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International Development

The New Economic Partnership for
African Development (NEPAD)

Mainstreaming The Activities of
The Central Bank of Nigeria (CBN) into NEPAD

The New Economic Partnership for African Development (NEPAD) is a continental idea conceived by Nigeria and the Republic of South Africa and adopted by African leaders at the African Union summit in Lusaka, Zambia, in July 2000. The goal of NEPAD is to eradicate poverty in Africa and to place African countries both individually and collectively on a path to sustainable growth and development to halt the marginalization of Africa in the globalization process.

The Central Bank of Nigeria (CBN) is charged with the responsibility for formulating monetary policy and programs for the economic development of Nigeria. Some of the Bank’s policies touch directly on poverty eradication and so bear on NEPAD’s goal of acceleration of the eradication of poverty and inequality on the continent. Thus, such policies like the Micro Finance Policy, Regulatory and Supervisory Framework for Nigeria in addition to other financial sector policy reforms address the concerns of NEPAD.

African Peer Review Mechanism

One of the instruments of NEPAD is the African Peer Review Mechanism (APRM). It is a mutually agreed instrument voluntarily acceded to by the Member States of the African Union (AU) as an African self-monitoring mechanism. The APRM is a bold, unique and innovative approach designed and implemented by Africans for Africa . The APRM aims to put in motion a strategic re-orientation towards the validation of universal as well as African values and accelerate the process of intra-African cooperation and integration. The APRM therefore will be a key driver of African renaissance and rebirth, and is a centre piece of the NEPAD process for the socio-economic development of Africa . There are currently 27 countries participating in the African Peer Review Mechanism including Nigeria .

The APRM and NEPAD in Nigeria were previously separate, but they were merged in September, 2007.

Nationwide Validation of the Country Self-Assessment Report (CSAR)
A nationwide validation of the Country Self-assessment Report (CSAR) on Nigeria under the African Peer Review Mechanism (APRM) was conducted between 18 th November and 1 st December, 2007 by the National Working Group of APRM, Nigeria . Nigeria is currently undergoing the final stages of the peer review process which will culminate ultimately in her being peer reviewed in July, 2008. The draft Country Self Assessment Report was prepared by the New Partnership for Africa's Development (NEPAD), Nigeria , as a basis for the peer review. The report contained the perceptions of Nigerians on the quality of governance in the country, and proffered a roadmap for addressing identified challenges and weaknesses with a view to evolving better governance practices.

Realizing that the perspectives of critical stakeholders may not have been adequately captured, the report was subjected to nationwide validation workshops to facilitate inputs to the document by important segments of the Nigerian population with the aim of strengthening it and to promote its ownership and sustainability. Earlier, the Federal Government had set-up a National Working Group (NWG) made up of eminent persons, important Non-Governmental Organizations (NGOs), Civil Society Organizations (CSOs), governmental institutions, the media, labor and trade associations, and other critical stakeholders, as a key structure of the APRM with the responsibility to facilitate and manage the validation exercises. The Governor of the Central Bank of Nigeria , Prof. Chukwuma C. Soludo is a member of the NWG.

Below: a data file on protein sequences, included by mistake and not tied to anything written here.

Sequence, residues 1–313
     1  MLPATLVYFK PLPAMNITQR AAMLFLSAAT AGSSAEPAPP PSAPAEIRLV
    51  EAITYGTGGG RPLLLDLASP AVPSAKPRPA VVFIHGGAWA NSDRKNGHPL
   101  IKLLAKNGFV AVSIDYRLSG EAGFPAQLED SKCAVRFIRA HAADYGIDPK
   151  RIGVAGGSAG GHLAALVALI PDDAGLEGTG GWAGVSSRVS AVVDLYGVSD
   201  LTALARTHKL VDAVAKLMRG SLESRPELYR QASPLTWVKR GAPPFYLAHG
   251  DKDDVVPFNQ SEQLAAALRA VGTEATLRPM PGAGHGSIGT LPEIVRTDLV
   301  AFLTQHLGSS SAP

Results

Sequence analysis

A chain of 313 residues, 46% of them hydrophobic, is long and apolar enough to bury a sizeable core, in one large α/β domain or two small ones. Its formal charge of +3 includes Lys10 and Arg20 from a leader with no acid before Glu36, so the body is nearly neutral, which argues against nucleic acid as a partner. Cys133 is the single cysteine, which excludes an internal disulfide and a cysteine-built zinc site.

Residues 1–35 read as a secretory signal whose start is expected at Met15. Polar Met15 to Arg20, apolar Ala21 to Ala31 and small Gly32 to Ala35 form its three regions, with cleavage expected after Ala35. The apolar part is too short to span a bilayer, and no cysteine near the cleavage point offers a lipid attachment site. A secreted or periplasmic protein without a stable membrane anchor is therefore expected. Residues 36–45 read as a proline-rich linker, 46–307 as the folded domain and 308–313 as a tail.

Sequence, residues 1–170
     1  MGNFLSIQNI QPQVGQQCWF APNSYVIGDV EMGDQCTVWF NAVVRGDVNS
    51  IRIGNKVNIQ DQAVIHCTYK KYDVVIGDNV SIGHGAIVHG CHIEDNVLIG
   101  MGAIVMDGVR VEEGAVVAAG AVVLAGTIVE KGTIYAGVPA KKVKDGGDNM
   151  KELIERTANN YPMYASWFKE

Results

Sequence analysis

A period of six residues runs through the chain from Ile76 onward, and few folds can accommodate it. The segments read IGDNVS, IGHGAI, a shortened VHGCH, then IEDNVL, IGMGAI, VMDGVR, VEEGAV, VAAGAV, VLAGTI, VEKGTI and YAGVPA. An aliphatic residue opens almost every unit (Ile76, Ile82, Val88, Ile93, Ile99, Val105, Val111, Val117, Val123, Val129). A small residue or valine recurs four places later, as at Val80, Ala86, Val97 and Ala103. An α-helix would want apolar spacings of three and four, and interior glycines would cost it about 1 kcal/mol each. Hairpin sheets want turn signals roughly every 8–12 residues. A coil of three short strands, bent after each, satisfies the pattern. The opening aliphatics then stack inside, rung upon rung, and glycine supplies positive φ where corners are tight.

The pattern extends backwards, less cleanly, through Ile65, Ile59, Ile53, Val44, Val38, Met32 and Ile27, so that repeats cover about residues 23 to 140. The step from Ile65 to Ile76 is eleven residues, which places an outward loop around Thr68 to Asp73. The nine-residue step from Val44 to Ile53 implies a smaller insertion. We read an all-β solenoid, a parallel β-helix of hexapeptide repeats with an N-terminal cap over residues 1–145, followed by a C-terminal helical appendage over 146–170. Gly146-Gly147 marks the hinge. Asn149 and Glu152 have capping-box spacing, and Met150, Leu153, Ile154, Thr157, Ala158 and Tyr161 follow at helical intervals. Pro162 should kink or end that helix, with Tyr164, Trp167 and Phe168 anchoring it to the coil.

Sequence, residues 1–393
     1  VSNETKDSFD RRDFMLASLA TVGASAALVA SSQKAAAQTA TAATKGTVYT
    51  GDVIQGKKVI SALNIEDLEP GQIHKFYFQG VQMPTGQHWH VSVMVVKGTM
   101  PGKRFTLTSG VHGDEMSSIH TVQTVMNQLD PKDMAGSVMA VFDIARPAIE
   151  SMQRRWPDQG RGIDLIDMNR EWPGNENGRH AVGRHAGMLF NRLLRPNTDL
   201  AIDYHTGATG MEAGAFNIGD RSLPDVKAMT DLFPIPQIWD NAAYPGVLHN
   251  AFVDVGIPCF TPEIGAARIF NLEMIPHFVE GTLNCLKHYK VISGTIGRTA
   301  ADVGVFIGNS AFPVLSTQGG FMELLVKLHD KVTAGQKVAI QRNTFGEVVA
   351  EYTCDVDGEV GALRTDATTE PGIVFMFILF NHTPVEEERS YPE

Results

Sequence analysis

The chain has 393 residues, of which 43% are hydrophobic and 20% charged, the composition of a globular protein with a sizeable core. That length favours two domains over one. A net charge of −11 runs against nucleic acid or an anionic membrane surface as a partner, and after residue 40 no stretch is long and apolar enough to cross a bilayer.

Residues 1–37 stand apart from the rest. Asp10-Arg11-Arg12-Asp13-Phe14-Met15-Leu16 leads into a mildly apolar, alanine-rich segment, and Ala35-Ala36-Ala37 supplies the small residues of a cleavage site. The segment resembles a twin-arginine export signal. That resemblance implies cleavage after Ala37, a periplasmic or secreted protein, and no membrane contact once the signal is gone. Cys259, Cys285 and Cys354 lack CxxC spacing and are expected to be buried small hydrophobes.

The NWG was divided into 4 teams, with each team assigned to cover a group of 3-4 states making up the 14 validation centers into which the country was divided. Each team of the NWG visited the validation centers using the CSAR as the primary instrument of validation. The validation centers were Borno, Adamawa, Benue, and Plateau States for Team 1; Akwa-Ibom, Bayelsa, Imo, and Anambra States for Team 2; Sokoto, Katsina, and Kwara States for Team 3; and Ekiti, Ogun, and Edo States for Team 4. At each validation center, a power-point presentation of the CSAR was made to the state and non-state stakeholders during a two day workshop by the APRM thematic consultants and members of the NWG. The presentations covered the four thematic areas of governance identified by the APRM process notably: Democracy and Political Governance; Economic Governance and Management; Corporate Governance; and Socio-Economic Development. The presentations were followed by 4 concurrent thematic break-out sessions during which the inputs of the participants into the document were harvested. The inputs from the respective thematic groups were presented when the workshop reconvened in a plenary, to enable other members agree on the concerns raised. Thereafter, all the inputs were synthesized into zonal validation reports to be used in revising the draft CSAR and National Program of Action (NPoA).

The sub-national validation workshops lasted from 18 th November, 2007, to 1 st December, 2007. These were followed by further validation exercises at the national level culminating in a final national stakeholders' workshop on 11 th December, 2007 to be chaired by Mr. President, Alhaji Umaru Musa Yar'Adua. The Central Bank of Nigeria is a member of the NWG, The validation workshops were held concurrently at all the validation centers, and information for this report covers all the teams.

The Central Bank of Nigeria is participating in the validation exercise for Nigeria 's review .

Central Bank of Nigeria & NEPAD

African Finance Corporation